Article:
Its history and spirit.
What’s the story with the secret tunnels around the Grotto?
The Rendezvous is located in the B.F. Shearer Building which was a factory that fully outfitted theatres up and down the West Coast. The building is a labyrinth. If you go outside and look up you will see a tower over the building. That is where they used to hang the theatre curtains to dry. On Sunday, we will invite folks into the basement to see where the manufacturing took place and the grunge bands rehearsed.
What’s the weirdest true story you can tell us about the space?
We got our red chairs from the Opera House after the 2002 remodel. We recently learned that B.F. Shearer outfitted the 1962 remodel and had built the chairs in the basement [of the Rendezvous]. The chairs came home.
Is there truth to the ghost stories?
I think so.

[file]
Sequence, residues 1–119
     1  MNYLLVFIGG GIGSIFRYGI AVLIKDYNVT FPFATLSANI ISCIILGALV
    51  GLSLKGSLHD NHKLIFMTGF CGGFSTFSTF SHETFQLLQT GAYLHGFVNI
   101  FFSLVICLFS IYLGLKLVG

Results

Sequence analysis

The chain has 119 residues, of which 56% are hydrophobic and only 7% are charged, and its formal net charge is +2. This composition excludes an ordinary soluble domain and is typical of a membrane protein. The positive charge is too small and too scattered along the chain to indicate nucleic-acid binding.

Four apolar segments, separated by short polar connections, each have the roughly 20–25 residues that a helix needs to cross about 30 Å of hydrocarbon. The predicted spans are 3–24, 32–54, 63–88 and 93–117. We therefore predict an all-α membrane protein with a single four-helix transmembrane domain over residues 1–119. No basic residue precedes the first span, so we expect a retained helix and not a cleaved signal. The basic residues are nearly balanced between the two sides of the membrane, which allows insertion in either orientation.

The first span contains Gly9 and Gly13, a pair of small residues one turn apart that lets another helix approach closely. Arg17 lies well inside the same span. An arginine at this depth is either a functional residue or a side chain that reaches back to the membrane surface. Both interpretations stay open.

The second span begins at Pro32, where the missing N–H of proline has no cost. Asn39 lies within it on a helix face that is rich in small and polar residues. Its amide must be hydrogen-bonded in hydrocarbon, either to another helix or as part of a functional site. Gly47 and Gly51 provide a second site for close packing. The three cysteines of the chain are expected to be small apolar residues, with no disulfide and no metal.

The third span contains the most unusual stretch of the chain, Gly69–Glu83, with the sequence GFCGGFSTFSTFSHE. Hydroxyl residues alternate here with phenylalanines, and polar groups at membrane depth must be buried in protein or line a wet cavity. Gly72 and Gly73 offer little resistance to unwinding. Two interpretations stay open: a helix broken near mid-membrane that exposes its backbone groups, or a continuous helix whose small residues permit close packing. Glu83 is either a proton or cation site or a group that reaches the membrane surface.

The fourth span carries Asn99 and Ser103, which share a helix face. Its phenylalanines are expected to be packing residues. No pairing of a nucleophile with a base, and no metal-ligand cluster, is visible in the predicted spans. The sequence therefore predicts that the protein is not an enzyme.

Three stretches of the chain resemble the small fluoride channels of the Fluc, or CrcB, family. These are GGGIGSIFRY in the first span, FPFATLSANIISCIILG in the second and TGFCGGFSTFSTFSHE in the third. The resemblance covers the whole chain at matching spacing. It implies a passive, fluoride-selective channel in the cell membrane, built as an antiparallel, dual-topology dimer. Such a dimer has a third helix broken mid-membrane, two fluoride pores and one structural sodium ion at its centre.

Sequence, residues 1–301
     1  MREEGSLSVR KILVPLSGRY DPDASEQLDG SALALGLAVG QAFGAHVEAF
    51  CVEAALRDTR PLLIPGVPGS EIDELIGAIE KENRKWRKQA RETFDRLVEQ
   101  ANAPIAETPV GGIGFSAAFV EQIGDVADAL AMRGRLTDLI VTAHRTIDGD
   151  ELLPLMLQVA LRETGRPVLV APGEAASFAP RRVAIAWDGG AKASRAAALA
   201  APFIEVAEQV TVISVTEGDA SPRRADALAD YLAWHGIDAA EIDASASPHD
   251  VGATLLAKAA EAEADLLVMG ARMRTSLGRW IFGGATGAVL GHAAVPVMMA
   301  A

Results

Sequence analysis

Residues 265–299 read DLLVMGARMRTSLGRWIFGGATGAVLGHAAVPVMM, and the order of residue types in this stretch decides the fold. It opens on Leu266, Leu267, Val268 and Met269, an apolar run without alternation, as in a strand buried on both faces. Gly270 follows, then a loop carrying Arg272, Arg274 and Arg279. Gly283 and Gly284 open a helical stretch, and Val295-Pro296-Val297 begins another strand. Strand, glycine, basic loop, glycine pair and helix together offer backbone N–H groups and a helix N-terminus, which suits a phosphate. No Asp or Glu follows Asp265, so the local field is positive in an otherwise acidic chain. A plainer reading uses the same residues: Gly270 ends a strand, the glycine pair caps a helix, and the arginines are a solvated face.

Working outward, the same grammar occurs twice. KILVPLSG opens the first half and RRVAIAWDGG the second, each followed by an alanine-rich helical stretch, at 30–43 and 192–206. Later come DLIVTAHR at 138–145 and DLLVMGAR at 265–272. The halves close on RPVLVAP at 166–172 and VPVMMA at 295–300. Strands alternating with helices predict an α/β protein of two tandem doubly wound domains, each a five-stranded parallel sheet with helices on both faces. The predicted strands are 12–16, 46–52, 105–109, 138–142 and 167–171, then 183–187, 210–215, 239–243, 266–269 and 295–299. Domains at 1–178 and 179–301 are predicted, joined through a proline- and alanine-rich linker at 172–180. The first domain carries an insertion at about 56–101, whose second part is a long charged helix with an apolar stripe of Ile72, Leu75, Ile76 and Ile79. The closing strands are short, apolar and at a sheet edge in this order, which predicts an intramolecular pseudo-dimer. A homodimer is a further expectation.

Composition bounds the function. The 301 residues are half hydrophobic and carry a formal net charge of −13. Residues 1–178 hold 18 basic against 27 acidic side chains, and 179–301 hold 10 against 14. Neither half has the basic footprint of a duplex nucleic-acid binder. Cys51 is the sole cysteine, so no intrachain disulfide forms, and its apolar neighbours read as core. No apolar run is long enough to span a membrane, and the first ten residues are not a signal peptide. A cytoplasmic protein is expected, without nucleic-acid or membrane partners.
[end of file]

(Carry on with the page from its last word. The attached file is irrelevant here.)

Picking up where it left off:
[Note: you can read more about the history of the building and its ghosts here.]
What would you like to bring more of to the Rendezvous?
Always more art, more artists. We are so excited to have Chef Jason Munger join us, with his vision for creating prix fixe menus to match our shows.
What does the next decade hold for the Rendezvous?
Our goal is to keep the Rendezvous and Jewelbox Theater going strong for the next 93 years, at least. To that end, Jerry and I have made the Rendezvous a social purpose corporation — that means that all the profits go to the employees instead of shareholders. We encourage independence and passion for continuing the legacy. Madeline, who joined the team a year and a half ago, has done an amazing job bringing Rendezvous parties and programming to a new level. Our dream is that Madeline and our team continue to make the Rendezvous shine for decades to come.
Belltown Exposed shows 10/27 only, at The Rendezvous in Belltown. Admission is free; RSVP encouraged, here. Accessibility notes: restrooms are gendered and multi-stall; Jewelbox Theater and main-level bar may be accessed by wheelchair, but other levels and some common areas are not accessible.
Chase D. Anderson is Editor & Producer of NWTheatre.org.